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What is the 2 part test for personal jurisdiction?
1) Does the defendent satisfy "minimum contacts"?
2) Is exercise of personal jurisdiction over defendent reasonable under notions of "fair play and substantial justice"?
Do civil law countries distinguish between personal and subject matter jurisdiction?
Not typically. They instead tend to rule that a matter should be decided at the location of the defendent's domicile (general jurisdiction)
What is first major case in personal jurisdiction case law?
International Shoe v. Washington
International Shoe v. Washington
Established rule that a state may assert jurisdiction only over those defendants who “have certain minimum contacts with [the forum state] such that maintenance of the suit does not offend ‘traditional notions of fair play and substantial justice.’” (in other words, does not offend notion of due process)
What is the first case that deals with defendents having to "purposefully avail" themselves toward a forum state?
Worldwide Volkswagen
Worldwide Volkswagen v. Woodson
NY residents brought liability suit against NY auto dealer in Oklahoma court after they crashed their car there. Court ruled no personal jurisdiction without "purposeful availment" toward the forum state.
Asahi Metal v. Superior Court of California
⬢ 1st time since the adoption of the purposeful availment analysis that court denied jurisdiction over a defendant that purposefully availed itself of the benefits and burdens of doing business in the forum
⬢ Asahi establishes "minimum contacts" as a necessary but not sufficient condition to satisfy the requirements for personal jurisdiction.
Which case concluded that "minimum contacts" was necessary, but not by itself a sufficient condition to satisfy the requirements for personal jurisdiction?
What was the SCOTUS's final judgment on "fair play and substantial justice" in Asahi?
The SCOTUS was concerned about the burden placed on a foreign company in defending the action in a U.S. forum. "Great care should be taken when extending our notions of personal jurisdiction internationally."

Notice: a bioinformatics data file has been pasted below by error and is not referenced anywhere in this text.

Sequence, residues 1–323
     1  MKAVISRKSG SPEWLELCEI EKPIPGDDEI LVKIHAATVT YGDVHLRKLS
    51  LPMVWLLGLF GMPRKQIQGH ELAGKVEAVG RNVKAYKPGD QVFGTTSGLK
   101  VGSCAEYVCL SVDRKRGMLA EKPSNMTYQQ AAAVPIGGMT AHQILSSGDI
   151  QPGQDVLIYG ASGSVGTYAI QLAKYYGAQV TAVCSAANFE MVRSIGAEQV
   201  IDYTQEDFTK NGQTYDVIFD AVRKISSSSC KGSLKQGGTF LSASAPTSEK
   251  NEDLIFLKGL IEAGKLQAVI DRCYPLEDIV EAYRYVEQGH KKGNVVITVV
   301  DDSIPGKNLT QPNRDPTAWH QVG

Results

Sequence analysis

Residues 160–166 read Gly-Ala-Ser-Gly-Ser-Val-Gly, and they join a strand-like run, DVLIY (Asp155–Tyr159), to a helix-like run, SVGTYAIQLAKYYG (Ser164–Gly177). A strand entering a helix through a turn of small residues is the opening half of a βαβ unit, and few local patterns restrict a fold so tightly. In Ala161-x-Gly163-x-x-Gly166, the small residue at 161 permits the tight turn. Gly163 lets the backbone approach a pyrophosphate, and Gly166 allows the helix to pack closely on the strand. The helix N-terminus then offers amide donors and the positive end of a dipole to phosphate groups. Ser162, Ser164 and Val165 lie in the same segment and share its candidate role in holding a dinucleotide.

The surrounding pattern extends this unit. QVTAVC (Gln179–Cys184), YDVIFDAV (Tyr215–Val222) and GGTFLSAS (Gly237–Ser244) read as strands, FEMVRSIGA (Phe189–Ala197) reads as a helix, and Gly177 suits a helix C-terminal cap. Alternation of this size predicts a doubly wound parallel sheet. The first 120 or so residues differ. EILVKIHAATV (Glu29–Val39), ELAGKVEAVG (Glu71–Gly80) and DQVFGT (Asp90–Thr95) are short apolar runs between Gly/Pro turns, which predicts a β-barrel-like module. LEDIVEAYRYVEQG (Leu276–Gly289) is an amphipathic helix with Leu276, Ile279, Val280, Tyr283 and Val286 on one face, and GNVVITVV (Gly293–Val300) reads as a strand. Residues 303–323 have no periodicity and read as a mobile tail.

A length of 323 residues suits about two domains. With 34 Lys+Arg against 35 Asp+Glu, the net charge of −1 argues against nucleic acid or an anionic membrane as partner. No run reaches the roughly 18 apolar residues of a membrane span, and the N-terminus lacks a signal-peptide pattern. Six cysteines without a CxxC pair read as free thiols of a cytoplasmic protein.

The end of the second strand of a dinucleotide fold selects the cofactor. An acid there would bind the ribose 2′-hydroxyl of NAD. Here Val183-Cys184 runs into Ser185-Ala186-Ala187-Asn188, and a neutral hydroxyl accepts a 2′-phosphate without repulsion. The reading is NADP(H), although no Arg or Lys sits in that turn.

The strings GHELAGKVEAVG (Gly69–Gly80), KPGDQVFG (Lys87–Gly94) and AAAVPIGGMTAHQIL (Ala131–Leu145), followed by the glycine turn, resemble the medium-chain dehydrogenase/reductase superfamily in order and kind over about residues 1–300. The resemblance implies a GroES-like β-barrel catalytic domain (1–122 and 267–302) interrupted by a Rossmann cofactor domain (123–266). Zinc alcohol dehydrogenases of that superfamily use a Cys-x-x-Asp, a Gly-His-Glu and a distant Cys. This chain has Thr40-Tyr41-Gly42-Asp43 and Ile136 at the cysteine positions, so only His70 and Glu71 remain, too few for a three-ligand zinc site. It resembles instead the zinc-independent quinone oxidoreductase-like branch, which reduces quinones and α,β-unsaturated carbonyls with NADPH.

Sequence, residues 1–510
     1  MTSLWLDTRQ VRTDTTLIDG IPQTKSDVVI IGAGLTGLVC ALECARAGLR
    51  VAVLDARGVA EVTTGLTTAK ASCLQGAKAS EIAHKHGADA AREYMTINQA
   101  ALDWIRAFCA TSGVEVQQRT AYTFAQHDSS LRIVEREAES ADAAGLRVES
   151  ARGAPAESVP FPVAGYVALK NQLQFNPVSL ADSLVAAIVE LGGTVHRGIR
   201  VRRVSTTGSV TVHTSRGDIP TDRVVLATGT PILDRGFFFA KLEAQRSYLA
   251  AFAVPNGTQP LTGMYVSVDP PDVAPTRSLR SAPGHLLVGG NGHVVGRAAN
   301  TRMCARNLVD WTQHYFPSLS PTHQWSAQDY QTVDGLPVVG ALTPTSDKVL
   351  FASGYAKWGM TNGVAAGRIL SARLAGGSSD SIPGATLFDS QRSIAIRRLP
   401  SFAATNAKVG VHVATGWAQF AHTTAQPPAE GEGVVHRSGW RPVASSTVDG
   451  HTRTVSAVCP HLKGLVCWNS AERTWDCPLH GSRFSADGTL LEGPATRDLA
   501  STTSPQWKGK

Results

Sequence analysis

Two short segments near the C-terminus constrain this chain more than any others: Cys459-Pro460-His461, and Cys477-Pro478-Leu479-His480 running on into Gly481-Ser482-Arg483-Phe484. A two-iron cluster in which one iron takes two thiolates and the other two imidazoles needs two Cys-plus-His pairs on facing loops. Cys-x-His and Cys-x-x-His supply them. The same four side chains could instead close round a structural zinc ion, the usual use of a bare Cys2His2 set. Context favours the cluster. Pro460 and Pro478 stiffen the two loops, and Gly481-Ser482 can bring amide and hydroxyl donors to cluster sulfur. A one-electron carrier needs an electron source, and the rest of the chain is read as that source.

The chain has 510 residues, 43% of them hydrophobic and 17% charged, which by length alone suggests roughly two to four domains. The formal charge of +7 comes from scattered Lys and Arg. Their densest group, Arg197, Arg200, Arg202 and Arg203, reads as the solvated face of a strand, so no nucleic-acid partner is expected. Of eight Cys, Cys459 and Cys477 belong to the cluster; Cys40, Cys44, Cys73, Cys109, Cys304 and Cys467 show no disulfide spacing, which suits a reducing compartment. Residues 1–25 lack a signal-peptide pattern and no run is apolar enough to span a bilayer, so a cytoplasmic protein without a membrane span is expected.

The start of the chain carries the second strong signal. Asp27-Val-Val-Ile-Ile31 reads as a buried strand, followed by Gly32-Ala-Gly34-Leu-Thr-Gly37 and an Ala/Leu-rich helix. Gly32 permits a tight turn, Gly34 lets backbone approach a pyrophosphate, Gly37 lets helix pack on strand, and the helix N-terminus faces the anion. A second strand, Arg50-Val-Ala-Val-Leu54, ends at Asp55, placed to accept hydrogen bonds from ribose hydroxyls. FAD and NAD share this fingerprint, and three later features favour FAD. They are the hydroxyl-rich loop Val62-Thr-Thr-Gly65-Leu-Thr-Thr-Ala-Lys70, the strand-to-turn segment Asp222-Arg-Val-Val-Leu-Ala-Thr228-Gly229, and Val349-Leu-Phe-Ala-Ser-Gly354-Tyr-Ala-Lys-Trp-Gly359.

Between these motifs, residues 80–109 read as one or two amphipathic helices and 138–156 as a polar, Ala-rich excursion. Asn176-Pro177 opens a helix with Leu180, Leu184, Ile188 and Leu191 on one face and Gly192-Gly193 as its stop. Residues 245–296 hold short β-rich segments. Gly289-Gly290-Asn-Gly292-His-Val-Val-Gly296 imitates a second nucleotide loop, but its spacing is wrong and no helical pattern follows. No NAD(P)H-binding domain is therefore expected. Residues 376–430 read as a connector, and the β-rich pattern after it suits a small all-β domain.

Burnham v. Superior Court of California
⬢ Supreme Court held that physical presence of the defendant alone is sufficient to exercise jurisdiction over a natural person.
⬢ Physical presence rule of Burnham may not extend to corporations
⬢ Courts appear to be concerned that "tag" jurisdiction does not comport with notions of due process
Goto v. Malaysia Airline
⬢ Family of Goto sued airline after he died in flight.
⬢ Defendant can be subjected to the jurisdiction of Japan, whatever its nationality may be or wherever it may be located, if the case relates to Japan or if the defendant has some legal nexus with Japan.
“tag” jurisdiction
Mere presence being sufficient for personal jurisdiction
Adjudicatory jurisdiction
refers to the power of a court to hear a case
Long-arm jurisdiction
A statutory grant of jurisdiction to local courts over foreign defendants
Subject matter jurisdiction
Refers to the types of claims or disputes over which a particular court has jurisdiction, or the power to render a decision.
Personal jurisdiction
The power of a court to require that a party (usually the defendant) or a witness come before the court. The court must have personal jurisdiction to enforce its judgments or orders against a party.
What are the 2 types of personal jurisdiction in the U.S.?
1) General jurisdiction
2) Specific jurisdiction